April 26, 2012
Twenty-six years after the meltdown at Chernobyl, the legacy of the 1986 explosion lives on.
"It is a disaster that left a 30-kilometre uninhabitable exclusion zone, displaced hundreds of thousands of people, and still threatens the lives of tens of thousands," writes Greenpeace today.
All these years and a triple meltdown at Fukushima later, the industry and its supporters have yet to learn.
"The nuclear industry still hasn't realized or admitted that its reactors are unsafe. Reactors are vulnerable to any unforeseen combination of technological failures, human errors and natural disasters. That puts the tens of millions of people living near the worlds more than 400 reactors at risk." Write Greenpeace's Justin McKeating.
To get a sense of just what those tens of millions live at risk of, take a look at these photographs by award winning photographer Paul Fusco. Earlier this month I had a the honor of participating in the fourth Schuneman Symposium held at the Scripps School of Journalism at Ohio University. Among the speakers was Fusco, an extraordinary MAGNUM photographer who traveled to the Ukraine to see the legacy of Chernobyl after twenty years. Fusco expected to stay two weeks. He stayed for two months, following parents, children, nurses and cancer patients.
"It changed my life. I couldn't leave. It was so immense in its implications. There is so much damage to so many people in so many ways…" says Fusco.
Yet his extraordinary photographs, which you can see here in a short promotional slideshow, aren't printed in US papers. They're like his pictures of US military funerals, his current project, which is called Bitter Fruit. "The pictures are printed a lot in Europe. Never here," Fusco told the Scripps students. "Why do you think that is?"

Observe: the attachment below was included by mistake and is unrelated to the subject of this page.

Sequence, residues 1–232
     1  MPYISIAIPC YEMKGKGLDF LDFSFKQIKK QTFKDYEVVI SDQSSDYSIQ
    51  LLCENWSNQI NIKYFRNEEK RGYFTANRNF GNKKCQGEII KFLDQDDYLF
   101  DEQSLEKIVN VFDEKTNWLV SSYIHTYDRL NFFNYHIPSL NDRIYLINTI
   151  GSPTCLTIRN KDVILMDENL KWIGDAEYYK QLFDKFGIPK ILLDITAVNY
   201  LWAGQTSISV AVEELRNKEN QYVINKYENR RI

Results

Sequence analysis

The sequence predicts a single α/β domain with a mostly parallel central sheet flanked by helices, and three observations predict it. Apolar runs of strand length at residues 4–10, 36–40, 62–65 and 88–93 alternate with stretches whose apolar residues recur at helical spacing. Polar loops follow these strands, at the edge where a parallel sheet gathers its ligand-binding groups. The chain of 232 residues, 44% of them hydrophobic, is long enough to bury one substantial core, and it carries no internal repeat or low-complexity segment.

Time Is Short
April 26, 2012 at 8:13 pm Log in to Reply
Within a few years this will be commonplace, in many countries.
Are the governments going to kill them, like the Japanese do, or allow them to live, like the Ukrainians?
These are questions that are being discussed right now. Who's going to pay for their medical care? Will there be any medical care, after all the cancer patients break the medical budgets?
Chernobyl – one exploding NPP, buried under concrete in a couple of weeks, with a million people affected (admitted to).
Japan – 20 NPPs, 20+ SFPs in various stages of destruction, 3+ cores still melting, no containment, untold amounts of uranium and plutonium aerosolized and spread worldwide, levels increasing exponentially. New, highly lethal compounds spreading, no one knows how far or how long. Earthquakes daily.
May G-d have mercy on us all.
April 26, 2012 at 8:49 pm Log in to Reply
Exellent summary T.I.S about what to expect.
A situation where the hospitals are way, way behind capacity ( people dieing in parks, doorways) and no painkillers left combined with an
emerging "mad max world morality" is not and will not be my cup of thea . At least not when we are not gonne survive anyway.
Just saying, "enough sleepingpils" might also become hard to get…make sure you are prepared .
When i'm moody because of the zillion ways we have so very focused on denial clusterfekked ourselfes checkmate, this docu gives me some
hope for Mother Earth, sort off comforting i find. Earth: Making of a Planet – National Geographic Channel
I hope she has the ability to remember us next time when she's growing intelligent species from here skin. Let her growing skills evolve and become AVATAR !
Oeps sry, just dreaming out Loud now. More like a frustrated Dreamshout ?? ^^) about what could have been if the Capitalistic Algoritme (materialisme) did not become the Only operating system for the majority of cultures made out of two legged biological computers that killed the others.
Meanwhile, be glad for every day you are alive in reasonable health , and enjoy peace if you have that luxury. Peace out.